Week 7, Day 5: Forest Restoration

Firefighters work to ensure that a prescribed burn does not impact the village of Tyuonyi at Bandelier National Monument. (Photo by Sally King/NPS)

The forests of Northern New Mexico are much denser today than they were historically because of the legacy of 150 years of fire suppression in our wildlands.

Today in Take It Outside, learn about efforts to return the forest to healthier conditions. Look for a bonus blog post on our website tomorrow and then join us to learn about bugs next week!

Upcoming Events:

PEEC is hosting a few virtual events this weekend! Join us tonight at 7 PM for a Stump the Astronomers live-streamed panel. Bring your toughest questions and try to stump our team of experts! Learn more and register here.

Additionally, join us on Sunday for a virtual yoga class from PEEC’s Christa Tyson at 10 AM. Sign up for that class here.

We have a variety of other events coming up in May! Check out our public events calendar to see what we’re offering and register for these programs.

Blog Post:

Read about the efforts that are being undertaken in the Jemez Mountains to restore our forests in today’s blog post, which is based on an interview with Bob Parmenter, Chief of Science and Resource Stewardship at the Valles Caldera National Preserve.


Restoring riparian areas, as we will see in our bonus blog post tomorrow, often requires slowing down running water to allow it time to soak into the ground and to avoid eroding too much soil. Today, build a dam! Find a small running stream in a canyon bottom, and put rocks and sticks in it to make a dam.

What happens to the water? Can you slow it down? Can you make it flow in a different direction? Can you see any signs of erosion around your dam? Be sure to clear your dam when you’re finished playing.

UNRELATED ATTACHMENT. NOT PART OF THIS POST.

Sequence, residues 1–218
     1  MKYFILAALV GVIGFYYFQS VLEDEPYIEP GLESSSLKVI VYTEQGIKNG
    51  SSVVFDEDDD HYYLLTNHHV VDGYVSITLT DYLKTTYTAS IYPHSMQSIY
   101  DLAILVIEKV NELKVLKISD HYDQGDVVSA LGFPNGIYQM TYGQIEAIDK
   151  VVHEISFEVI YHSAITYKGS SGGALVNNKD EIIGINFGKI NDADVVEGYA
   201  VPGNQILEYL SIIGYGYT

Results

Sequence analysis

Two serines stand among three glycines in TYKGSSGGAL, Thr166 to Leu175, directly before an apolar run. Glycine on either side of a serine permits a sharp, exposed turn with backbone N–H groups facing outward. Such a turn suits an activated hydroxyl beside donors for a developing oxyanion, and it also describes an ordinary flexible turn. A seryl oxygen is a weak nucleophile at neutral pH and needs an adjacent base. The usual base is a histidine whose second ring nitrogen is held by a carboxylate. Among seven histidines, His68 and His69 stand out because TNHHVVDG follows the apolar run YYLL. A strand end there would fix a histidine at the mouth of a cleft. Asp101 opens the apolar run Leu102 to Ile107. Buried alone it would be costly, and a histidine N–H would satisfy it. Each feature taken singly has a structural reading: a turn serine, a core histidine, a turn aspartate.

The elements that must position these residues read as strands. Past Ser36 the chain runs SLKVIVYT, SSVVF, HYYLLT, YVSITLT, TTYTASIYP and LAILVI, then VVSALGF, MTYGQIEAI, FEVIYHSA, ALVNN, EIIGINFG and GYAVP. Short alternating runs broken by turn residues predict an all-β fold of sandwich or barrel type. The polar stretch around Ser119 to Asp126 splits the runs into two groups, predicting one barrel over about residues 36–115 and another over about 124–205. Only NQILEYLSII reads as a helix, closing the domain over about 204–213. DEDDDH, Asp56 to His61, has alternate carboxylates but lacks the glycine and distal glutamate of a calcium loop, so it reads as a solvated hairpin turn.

If you can’t get to a stream, you can follow these instructions to make a stream and dam in a container at home.

Outdoor Challenge (Beginner):

Can you spot the Brown Creeper on the trunk of this ponderosa pine tree? (Photo by Craig Martin)

Look for signs of a healthy ponderosa pine forest:

  • Some large trees: too big to get your arms around the trunk
  • Patches of sunshine shining through the tree canopy
  • Grass and flowers growing on the ground
  • Signs of wildlife: birds, squirrels, deer, predators, etc.

Outdoor Challenge (Advanced):

Find out the tree density of a forest near you. Historically, ponderosa pine forests might have had a density of about 40 – 60 trees per acre. In very overgrown forests, there may be up to 2,000 trees per acre!

Go to a forested area near you. Walk off an area of about 66 x 66 ft (about 30 steps in each direction). Mark the corners of your area. This will be about a tenth of an acre. Now count the trees inside. For a historical density, there would be 4 – 6 trees in your plot. Depending on where you are, you might find more like 100 trees or more! Can you imagine how a historically-dense forest would look compared to a very dense forest? How would the sizes of the trees differ? What would happen if lightning started a fire in your plot?

Tell us what you think in the Google Form below or by emailing us at takeitoutside@peecnature.org.

Other Resources:

Share Your Experience:

Tell us about the trees and forested areas near you! We’d love to see your photos, too. Please send them to takeitoutside@peecnature.org or share them on Facebook or Instagram with the hashtag #peectakeitoutside.

Join us next week to explore bugs!

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